In this week’s news EC moves forward with SPC waiver, work starts on EMA HQ, Celltrion resubmits rejected biosimilar, and more…

EC aims to change SPC rules with export waiver

The European Commission has formally proposed a relaxation of IP rules to let generics firms manufacture for export prior to the expiry of the originator product’s Supplementary Protection Certificate (SPC).

The EC proposed the revisions on Monday, explaining the aim is to let Europe’s pharmaceutical companies tap into fast-growing global markets and foster jobs, growth and investments in the EU.

It said, “Supplementary Protection Certificates (SPCs) extend patent protection for medicinal products which must undergo lengthy testing and clinical trials prior to obtaining regulatory marketing approval.

“Thanks to the [proposed] waiver, in the future EU-based companies will be entitled to manufacture a generic or biosimilar version of an SPC-protected medicine during the term of the certificate, if done exclusively for the purpose of exporting to a non-EU market where protection has expired or never existed.”

The proposed changes are supported by the generic drug industry. In contrast, the branded drug sector has said the waiver will hamper innovation.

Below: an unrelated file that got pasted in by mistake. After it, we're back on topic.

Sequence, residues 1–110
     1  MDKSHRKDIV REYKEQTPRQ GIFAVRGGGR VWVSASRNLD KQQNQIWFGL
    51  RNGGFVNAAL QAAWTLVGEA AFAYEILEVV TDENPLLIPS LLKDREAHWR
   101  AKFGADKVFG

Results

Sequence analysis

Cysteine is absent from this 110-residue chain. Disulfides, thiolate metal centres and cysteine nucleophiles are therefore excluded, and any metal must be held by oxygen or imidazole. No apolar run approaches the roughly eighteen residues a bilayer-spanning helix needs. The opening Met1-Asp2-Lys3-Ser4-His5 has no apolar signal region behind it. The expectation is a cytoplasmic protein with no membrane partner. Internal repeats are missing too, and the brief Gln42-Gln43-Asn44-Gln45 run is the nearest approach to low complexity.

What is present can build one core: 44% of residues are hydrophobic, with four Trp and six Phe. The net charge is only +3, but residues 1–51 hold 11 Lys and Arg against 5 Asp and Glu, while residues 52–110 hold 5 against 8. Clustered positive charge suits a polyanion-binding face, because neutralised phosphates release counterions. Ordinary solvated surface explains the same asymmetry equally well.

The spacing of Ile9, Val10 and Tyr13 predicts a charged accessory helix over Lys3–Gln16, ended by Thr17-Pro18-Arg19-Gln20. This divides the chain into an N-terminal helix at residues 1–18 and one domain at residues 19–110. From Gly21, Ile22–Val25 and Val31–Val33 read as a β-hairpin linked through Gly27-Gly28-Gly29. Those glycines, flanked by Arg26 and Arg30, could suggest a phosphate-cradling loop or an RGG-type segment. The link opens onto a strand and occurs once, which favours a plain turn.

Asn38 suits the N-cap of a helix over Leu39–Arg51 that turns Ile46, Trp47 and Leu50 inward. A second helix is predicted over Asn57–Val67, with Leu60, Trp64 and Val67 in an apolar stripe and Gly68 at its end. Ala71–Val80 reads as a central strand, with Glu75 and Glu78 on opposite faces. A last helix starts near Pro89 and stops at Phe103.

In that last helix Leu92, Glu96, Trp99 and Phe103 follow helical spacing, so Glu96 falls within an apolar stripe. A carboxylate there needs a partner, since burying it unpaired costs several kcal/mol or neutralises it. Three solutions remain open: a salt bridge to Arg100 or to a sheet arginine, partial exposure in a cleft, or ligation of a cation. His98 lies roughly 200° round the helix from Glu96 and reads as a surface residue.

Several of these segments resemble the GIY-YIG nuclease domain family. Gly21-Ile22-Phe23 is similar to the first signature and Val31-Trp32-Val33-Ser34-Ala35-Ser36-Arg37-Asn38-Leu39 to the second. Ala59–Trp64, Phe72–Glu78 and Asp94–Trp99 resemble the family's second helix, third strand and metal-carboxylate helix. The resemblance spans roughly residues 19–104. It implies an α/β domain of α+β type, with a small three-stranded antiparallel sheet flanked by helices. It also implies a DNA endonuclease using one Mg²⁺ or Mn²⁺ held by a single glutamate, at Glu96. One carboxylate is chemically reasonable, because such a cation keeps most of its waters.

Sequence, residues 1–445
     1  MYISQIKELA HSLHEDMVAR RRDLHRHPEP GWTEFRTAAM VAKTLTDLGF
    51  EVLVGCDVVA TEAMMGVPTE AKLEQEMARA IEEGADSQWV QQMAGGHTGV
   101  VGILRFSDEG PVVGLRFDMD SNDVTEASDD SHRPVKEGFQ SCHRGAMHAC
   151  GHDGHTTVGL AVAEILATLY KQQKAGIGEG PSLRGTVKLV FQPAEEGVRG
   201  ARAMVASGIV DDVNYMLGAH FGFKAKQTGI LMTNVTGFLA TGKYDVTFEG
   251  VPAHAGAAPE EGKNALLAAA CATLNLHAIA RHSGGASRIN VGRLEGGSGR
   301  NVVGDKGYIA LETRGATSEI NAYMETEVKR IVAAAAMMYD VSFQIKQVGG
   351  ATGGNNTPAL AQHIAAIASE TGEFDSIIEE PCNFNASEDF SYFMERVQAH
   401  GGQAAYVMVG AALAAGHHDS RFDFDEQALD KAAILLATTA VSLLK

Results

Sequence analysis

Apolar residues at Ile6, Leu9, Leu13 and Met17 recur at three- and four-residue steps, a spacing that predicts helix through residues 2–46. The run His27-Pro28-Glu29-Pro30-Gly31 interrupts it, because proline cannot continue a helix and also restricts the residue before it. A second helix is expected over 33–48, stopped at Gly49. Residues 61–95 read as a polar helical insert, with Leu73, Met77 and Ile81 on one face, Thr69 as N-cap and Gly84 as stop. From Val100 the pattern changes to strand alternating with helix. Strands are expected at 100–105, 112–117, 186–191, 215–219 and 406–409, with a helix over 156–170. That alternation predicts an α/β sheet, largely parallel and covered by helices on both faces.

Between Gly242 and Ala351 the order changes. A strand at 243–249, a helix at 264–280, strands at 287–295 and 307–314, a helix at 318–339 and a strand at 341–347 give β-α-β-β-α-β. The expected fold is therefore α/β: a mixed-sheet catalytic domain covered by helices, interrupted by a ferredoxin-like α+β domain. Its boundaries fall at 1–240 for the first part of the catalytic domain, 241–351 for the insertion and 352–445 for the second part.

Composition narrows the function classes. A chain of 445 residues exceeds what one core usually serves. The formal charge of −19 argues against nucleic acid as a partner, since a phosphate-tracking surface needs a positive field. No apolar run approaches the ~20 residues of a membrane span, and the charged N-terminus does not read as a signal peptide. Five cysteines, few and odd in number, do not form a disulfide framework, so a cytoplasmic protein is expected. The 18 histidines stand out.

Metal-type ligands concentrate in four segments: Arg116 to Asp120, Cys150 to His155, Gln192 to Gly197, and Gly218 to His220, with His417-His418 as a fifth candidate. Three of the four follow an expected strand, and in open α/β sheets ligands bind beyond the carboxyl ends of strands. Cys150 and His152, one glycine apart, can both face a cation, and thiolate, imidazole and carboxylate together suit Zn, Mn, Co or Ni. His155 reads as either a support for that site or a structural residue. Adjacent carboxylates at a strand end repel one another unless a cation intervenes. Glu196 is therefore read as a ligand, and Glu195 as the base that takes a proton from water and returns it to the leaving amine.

Read the EFPIA statement here.

Work on EMA’s new Amsterdam HQ gets underway

Construction of the EMA’s Amsterdam headquarters started last week.

The European drug regulator is due to leave its current base in London’s Canary Warf ahead of the UK’s withdrawal from the European Union (EU) next year.

The laying of the foundation stone for the new building in the Zuidas area of Amsterdam was marked with a ceremony last Monday.

The agency says it aims to be fully operational in Amsterdam on March 30 2019, although it will be based in a rented premises in the city’s Sloterdijk district as the new HQ will not be completed until later in the year.

Celltrion re-files rejected biosimilars for US FDA review

South Korean biosimilar firm Celltrion has resubmitted CT-P10, a biosimilar version of Rituxan, for US FDA review.

Celltrion announced the resubmission last week, explaining it has “made progress” resolving the manufacturing facility problems that saw the US regulator reject CT-P10 last year.

The FDA rejected the previous CT-P10 filing – submitted in April last year – over concerns about Celltrion’s manufacturing facility in Incheon.

If approved in the US, CT-P10 will be sold in partnership with Teva under an agreement signed in 2016.

Celltion also said plans to resubmit a Herceptin biosimilar called CT-P6 – also made in Incheon and also rejected by the FDA last year – for agency review in due course.

Also in the news

Four ABPI member pharmaceutical firms have agreed to take part in NHS Lothian’s Cancer Data Intelligence (LCDI) project. Read more here.

The Wall Street Journal reports that some experts are starting to question the value of large scale clinical research in the era or personalized medicine.

Merck, which is known as EMD in the US and Canada, has teamed with Solvias to develop a new test for fever-inducing bacterial pyrogens in pharmaceutical materials and products.